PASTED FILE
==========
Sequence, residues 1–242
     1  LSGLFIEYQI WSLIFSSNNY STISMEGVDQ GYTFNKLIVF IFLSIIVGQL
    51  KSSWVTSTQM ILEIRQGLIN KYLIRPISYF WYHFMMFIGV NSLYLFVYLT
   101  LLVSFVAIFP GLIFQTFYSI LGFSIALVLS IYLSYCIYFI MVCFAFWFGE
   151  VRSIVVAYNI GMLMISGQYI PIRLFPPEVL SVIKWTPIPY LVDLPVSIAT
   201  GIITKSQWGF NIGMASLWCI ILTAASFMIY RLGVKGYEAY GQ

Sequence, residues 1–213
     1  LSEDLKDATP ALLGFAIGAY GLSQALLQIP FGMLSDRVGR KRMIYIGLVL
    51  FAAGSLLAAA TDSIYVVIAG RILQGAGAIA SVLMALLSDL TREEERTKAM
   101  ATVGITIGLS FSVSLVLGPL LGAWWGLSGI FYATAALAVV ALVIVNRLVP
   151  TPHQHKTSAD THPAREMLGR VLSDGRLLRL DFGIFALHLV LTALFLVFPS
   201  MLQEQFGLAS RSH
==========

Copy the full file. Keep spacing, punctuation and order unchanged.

Sequence, residues 1–242
     1  LSGLFIEYQI WSLIFSSNNY STISMEGVDQ GYTFNKLIVF IFLSIIVGQL
    51  KSSWVTSTQM ILEIRQGLIN KYLIRPISYF WYHFMMFIGV NSLYLFVYLT
   101  LLVSFVAIFP GLIFQTFYSI LGFSIALVLS IYLSYCIYFI MVCFAFWFGE
   151  VRSIVVAYNI GMLMISGQYI PIRLFPPEVL SVIKWTPIPY LVDLPVSIAT
   201  GIITKSQWGF NIGMASLWCI ILTAASFMIY RLGVKGYEAY GQ

Sequence, residues 1–213
     1  LSEDLKDATP ALLGFAIGAY GLSQALLQIP FGMLSDRVGR KRMIYIGLVL
    51  FAAGSLLAAA TDSIYVVIAG RILQGAGAIA SVLMALLSDL TREEERTKAM
   101  ATVGITIGLS FSVSLVLGPL LGAWWGLSGI FYATAALAVV ALVIVNRLVP
   151  TPHQHKTSAD THPAREMLGR VLSDGRLLRL DFGIFALHLV LTALFLVFPS
   201  MLQEQFGLAS RSH